But what gets lost in the translation is the fact that approximately two-thirds of the national fleet has been built since 1993, which was around the time cars started to be stenciled 286,000 GRL (the modern 286 truck design came into service in 2004). The move to 286 and the subsequent increase in capacity initiated many of the capacity changes that the RAILCAR Act supports. So while the move from 4,750cf to 5,400cf covered hoppers may create a five-to-four car count reduction, other car types—such as small-cube hoppers, centerbeam flat cars, many tank cars, coal cars, plastics hoppers and mill gondolas—are operating at max capacity or close enough to max capacity to not reach an 8% threshold, even if the two-for-one opportunity existed. Furthermore, in some cases where there have been changes in capacity, boxcars for example, those smaller capacity cars (Plate C cars) remain in high demand due to the right-sized nature of the commodity being hauled. While Plate F boxcars may be the design favored for PSR, and while PSR may have more capacity, it does not increase utility or reduce total car demand.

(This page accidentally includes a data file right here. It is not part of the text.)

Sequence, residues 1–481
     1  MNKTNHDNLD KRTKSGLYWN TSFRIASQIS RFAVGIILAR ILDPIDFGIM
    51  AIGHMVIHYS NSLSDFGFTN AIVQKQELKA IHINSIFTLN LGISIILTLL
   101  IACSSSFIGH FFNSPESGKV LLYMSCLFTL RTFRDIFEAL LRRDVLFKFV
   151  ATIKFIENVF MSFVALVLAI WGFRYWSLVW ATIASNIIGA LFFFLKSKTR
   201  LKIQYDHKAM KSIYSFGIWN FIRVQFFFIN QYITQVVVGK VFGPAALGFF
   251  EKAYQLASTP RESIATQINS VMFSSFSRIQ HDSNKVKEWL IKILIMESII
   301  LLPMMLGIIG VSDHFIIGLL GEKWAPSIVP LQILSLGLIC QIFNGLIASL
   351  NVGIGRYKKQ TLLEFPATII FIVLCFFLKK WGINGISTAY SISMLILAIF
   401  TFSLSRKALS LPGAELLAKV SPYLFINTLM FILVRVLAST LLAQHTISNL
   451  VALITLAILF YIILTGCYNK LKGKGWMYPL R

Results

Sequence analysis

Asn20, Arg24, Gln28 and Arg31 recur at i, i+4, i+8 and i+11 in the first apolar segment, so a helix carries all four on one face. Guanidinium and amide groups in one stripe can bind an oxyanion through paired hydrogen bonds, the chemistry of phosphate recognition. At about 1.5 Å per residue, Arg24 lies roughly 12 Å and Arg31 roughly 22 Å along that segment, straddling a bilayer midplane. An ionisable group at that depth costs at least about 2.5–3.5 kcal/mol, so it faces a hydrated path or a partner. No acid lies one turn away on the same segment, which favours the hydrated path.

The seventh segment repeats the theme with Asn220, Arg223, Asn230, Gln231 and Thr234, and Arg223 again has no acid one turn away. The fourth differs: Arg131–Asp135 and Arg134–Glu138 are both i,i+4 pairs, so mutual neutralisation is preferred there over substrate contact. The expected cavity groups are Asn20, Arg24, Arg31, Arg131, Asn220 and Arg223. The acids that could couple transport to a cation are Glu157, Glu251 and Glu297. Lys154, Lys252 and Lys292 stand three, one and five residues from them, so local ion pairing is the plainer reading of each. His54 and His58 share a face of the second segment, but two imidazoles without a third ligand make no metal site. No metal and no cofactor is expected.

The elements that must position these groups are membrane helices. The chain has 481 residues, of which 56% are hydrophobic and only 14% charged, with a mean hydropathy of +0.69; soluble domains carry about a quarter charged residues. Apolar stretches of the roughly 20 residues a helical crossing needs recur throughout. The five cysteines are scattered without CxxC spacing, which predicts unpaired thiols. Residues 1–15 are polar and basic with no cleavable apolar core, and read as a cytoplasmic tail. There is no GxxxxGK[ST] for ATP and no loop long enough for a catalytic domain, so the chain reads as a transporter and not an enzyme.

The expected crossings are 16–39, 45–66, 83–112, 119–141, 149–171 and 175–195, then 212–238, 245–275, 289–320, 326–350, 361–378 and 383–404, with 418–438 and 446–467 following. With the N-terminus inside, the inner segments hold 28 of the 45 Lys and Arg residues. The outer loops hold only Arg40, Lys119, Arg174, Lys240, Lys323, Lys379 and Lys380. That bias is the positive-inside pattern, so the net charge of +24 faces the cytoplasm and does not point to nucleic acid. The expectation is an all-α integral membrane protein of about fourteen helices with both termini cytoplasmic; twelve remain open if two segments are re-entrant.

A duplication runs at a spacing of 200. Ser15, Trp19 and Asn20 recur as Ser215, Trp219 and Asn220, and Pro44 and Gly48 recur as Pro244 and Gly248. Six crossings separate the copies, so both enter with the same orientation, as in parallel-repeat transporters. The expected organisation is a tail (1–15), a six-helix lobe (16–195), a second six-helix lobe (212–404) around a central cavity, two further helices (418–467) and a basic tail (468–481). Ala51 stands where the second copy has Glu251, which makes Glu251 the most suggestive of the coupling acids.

Industry veterans will remember how tax credit incentives lead to the overbuilding cycle in the late 1970s and early 1980s. In the modern era, rather than tax credits being sold to doctors, dentists and attorneys, the tax credits can be packaged and sold to Google, Target and Amazon. (This has been a frequent circumstance that has supported the installation of renewable energy and affordable housing, in which the tax credits were packaged and sold to parties that could use them in a more efficient fashion. It has been going on for years.) The point is that tax credits do not create demand. Tax credits do not create loadings. Tax credits can create railcar orders. But without the demand for the cars being built, North American rail, the industry with 477,000 railcars in storage, is going to be adding to a fleet that doesn’t need the additional capacity and additional cars.

One could see how lessors and OEMs could be in favor of the RAILCAR Act. And, to be fair, there is a benefit for intermodal cars and autoracks in addition to the aforementioned 4,750cf covered hoppers. The railroads maintain loading authority (OT-5) over which cars run on their tracks, so as a matter of business, the incentive to scrap cars won’t cause lease rates to increase. The average age of the national fleet is roughly 19.5 years. A generation ago, railcars were running to their 40-year interchange life. Now, a railcar has an interchange life of 50 years. If tax incentives are needed to cull the fleet and cars generally will be moved out of service in 20 or 30 years, investors will have to readjust their assumptions about railcar investments and their expectations around returns. That moves the risk and cost back to the shipper. Rail needs to grow market share. Higher costs to the shipper for the railcar don’t seem to be the pathway for success.